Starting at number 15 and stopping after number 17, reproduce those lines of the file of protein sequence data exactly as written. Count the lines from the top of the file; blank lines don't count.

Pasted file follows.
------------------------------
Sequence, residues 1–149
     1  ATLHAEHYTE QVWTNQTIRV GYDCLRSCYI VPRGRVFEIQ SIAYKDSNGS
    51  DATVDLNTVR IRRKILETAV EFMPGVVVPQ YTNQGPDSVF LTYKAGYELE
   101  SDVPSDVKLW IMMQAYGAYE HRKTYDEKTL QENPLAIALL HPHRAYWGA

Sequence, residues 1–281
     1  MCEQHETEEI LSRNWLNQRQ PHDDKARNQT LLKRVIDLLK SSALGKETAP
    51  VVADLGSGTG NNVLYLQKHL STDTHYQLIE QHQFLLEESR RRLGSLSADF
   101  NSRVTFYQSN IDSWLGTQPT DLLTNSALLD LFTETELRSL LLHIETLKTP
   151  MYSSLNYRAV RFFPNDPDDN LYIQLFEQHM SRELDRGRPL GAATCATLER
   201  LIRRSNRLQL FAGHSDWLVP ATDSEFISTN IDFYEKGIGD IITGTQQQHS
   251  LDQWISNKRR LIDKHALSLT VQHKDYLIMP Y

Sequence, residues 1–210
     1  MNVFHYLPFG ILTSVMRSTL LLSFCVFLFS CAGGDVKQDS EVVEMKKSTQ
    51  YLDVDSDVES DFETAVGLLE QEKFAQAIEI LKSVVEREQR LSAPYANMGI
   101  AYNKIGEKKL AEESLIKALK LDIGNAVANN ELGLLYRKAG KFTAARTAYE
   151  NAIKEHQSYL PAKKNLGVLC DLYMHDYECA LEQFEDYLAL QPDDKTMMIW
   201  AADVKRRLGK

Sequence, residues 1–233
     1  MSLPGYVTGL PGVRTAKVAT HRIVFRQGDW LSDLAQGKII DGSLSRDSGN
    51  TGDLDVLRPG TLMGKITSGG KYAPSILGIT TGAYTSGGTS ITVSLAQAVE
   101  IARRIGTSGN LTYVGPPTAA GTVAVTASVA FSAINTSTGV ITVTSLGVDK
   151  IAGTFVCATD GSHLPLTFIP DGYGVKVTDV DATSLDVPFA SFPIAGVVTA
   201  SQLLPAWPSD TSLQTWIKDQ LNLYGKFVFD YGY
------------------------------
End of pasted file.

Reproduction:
   101  AYNKIGEKKL AEESLIKALK LDIGNAVANN ELGLLYRKAG KFTAARTAYE
   151  NAIKEHQSYL PAKKNLGVLC DLYMHDYECA LEQFEDYLAL QPDDKTMMIW
   201  AADVKRRLGK